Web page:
Most probably you lack control. I mean, you can play it at one speed and when you raise it your accuracy goes down. Suddenly you come to a level where your brain says: I'm not fine with this anymore, it sounds like crap.


So you have to start analysing. WHY doesn't it sound good? and how can you make it sound good?

Here are a couple of scenarios for you.

1) You lack coordination with your right and left hand. This is built up by taking a piece and slow it down a lot and work at it so that you don't make any mistake 10 times in a row, then raise the speed gradually and always confirm by playing it 10 times in a row without a single mistake.
2) Your motions are ineffective. Are your strokes powerless, are you using weak muscles (thumb and finger the only ones moving?). Can you make your motions smaller? Can you make a motion that feels nice and makes you feel relaxed while playing? etc.
3) Obviously, when you've fixed your technique and your coordination you're going to have to develop stamina and strength. Do this by taking one piece that you've worked with a lot. A very small one; a lick so to speak. Make sure that you can play it perfectly. Just move up in speed as much as you can and stay there for a while, play it over and over again. Then try to raise it even more. 2 beat per minutes every day for starters (when you're at the top of your capacity). Remember 2 beats per minute everyday equals a raise in 700 bpm in one year! When you're at like 200 bpms, you can go from quarter notes to 16th notes and lower the tempo to 100, or from 16th notes to 32th notes etc.


Just make sure that it's speed you really want and not the most beautiful bends or coolest phrasing.



+ 1 on Oxac's post !

Play slow clean and be precise about every note and phrase you play. Work tempos up with your metronome.
Practicing technique is just like practicing sports ! You have to be consistent in order to reach level of professionalism you seek. If your goal is to play 16th notes at 200 bpm clean and have runs that sound melodically interesting, you need to practice every day with metronome/drum machine/backing tracks and work on your lines while increasing bpm by no more than 4bpm.

I increase tempo only if I can play certain run 20 times in a row without any mistake at given tempo. If anywhere in between those 20 attempts I mess up somewhere, I go back to beginning and start counting again !

Good luck with speed smile.gif


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Vasilije Vukmiro...
post Mar 9 2009, 04:25 PM
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Best way would be to work on some faster solos, or some classical stuff with lots of scalar patterns. Of course, you will start with speed you feel comfortable with, then practice until you reach the desired level. Choose something that is like 5% among your limits.


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berko
post Mar 9 2009, 04:42 PM
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QUOTE (Daniel Robinson @ Mar 9 2009, 10:32 AM) *
Most people will say play it slow, and slowly build up speed. This is not wrong, but it may not work for you. It didnt for me.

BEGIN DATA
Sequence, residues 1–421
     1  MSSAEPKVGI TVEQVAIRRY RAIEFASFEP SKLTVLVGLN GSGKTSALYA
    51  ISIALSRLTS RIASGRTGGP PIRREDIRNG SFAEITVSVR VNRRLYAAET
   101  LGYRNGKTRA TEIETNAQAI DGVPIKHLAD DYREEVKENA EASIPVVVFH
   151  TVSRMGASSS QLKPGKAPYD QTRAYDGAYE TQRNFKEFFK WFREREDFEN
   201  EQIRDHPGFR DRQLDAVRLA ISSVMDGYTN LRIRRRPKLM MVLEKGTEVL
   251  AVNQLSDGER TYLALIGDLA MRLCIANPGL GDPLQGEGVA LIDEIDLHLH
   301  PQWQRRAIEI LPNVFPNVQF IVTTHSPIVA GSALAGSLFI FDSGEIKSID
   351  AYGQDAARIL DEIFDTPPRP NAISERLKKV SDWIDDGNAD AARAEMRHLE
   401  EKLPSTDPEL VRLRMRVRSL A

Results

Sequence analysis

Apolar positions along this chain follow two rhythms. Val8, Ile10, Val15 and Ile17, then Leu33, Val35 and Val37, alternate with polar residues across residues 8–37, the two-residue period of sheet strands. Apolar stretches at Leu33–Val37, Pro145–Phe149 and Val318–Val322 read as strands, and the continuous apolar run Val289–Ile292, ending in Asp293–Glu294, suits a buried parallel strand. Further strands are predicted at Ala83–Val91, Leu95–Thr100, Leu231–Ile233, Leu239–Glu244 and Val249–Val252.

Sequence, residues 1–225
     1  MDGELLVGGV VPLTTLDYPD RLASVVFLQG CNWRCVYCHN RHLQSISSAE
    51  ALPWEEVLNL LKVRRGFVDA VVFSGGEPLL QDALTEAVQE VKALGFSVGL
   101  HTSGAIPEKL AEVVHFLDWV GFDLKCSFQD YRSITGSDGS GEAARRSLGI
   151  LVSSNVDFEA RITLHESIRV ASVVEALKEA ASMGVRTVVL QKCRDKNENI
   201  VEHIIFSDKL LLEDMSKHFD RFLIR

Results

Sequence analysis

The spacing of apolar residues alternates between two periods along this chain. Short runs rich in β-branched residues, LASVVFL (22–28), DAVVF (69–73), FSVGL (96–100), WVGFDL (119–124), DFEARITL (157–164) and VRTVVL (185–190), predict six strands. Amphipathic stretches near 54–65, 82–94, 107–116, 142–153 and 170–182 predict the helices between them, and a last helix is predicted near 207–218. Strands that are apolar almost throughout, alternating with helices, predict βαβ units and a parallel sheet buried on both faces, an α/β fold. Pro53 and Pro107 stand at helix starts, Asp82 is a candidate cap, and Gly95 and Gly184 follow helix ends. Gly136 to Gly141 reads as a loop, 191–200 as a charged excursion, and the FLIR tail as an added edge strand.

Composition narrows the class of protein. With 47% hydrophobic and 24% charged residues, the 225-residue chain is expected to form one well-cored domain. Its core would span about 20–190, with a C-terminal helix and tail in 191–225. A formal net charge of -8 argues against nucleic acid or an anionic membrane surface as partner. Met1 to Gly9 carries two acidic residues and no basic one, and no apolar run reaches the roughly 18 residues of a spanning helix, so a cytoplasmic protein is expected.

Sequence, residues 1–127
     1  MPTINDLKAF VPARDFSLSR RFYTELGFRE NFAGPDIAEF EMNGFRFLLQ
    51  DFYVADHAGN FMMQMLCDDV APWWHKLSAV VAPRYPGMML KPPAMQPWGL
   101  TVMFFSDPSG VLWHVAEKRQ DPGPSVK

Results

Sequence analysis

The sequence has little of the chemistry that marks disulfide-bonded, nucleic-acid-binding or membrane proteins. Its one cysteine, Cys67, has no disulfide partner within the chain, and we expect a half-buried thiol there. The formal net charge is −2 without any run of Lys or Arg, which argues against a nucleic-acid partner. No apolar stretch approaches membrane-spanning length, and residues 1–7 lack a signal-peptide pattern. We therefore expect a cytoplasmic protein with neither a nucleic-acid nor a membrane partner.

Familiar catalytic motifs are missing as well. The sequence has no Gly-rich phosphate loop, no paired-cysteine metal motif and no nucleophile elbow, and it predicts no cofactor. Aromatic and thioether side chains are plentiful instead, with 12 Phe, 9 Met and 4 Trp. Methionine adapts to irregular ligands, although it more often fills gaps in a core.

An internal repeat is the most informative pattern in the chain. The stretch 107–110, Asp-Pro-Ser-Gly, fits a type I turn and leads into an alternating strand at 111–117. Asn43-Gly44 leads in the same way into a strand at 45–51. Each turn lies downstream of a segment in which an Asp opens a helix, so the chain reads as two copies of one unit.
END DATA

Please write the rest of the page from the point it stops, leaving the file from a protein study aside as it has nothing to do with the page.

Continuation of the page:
Do not take what i am saying as the absolute truth, but different people learn differently. The way I approched playing fast is more of the Shawn Lane/ Chris Impellitari way. I took simple patterns, for example:



E--------------------------------------------------------------------
B--------------------------------------------------------------------
G-----------------12--13--15-----------------------------------------
D---12--13--15-------------------------------------------------------
A--------------------------------------------------------------------
E--------------------------------------------------------------------


and would play them as fast as i could, forward and backwards. Then i would alternate by playing the indivdual 3ps pattern backwards ascending, I.E. 15.....13.......12 on the D string 15.......13.........12 on the G string. etc. I would try to do it as many ways as i could break up the patterns, groups of 3's, groups of 4's, 5's etc.


At first it was utter chaos and slop, but instead of slowing down i slowly cleaned it up. For some people like me, in order to play fast you have to know what its like to play fast. You can't know it until you do it.

I tried the other way, and i just got no results, i banged my head against a metronome for almost 9 months with no real results. Until i saw this video by Shawn Lane and it made sense to me, after that i was playing things i never thought i could play.


https://www.youtube.com/watch?v=DhkbSBxPYcU


Both methods can and do work, the question is which is right for you. The only way is to try each of them


Daniel


+1 to this!

Slowly building speed simply didn't work for me either. I played fast and then I cleaned it up as much as I could. There are, however, exercises and patterns that needed thorough muscle memory which I had to acquire by going over and over that specific exercise slowly. After that, i skipped the turn-the-metronome-up-with-1-bpm-every-day schedule and started at reasonably higher speed to advance even further.

Sometimes, if you set rules like "i won't increase speed until i could play this and this 20 times without messing it up" then it will only make the whole business frustrating. smile.gif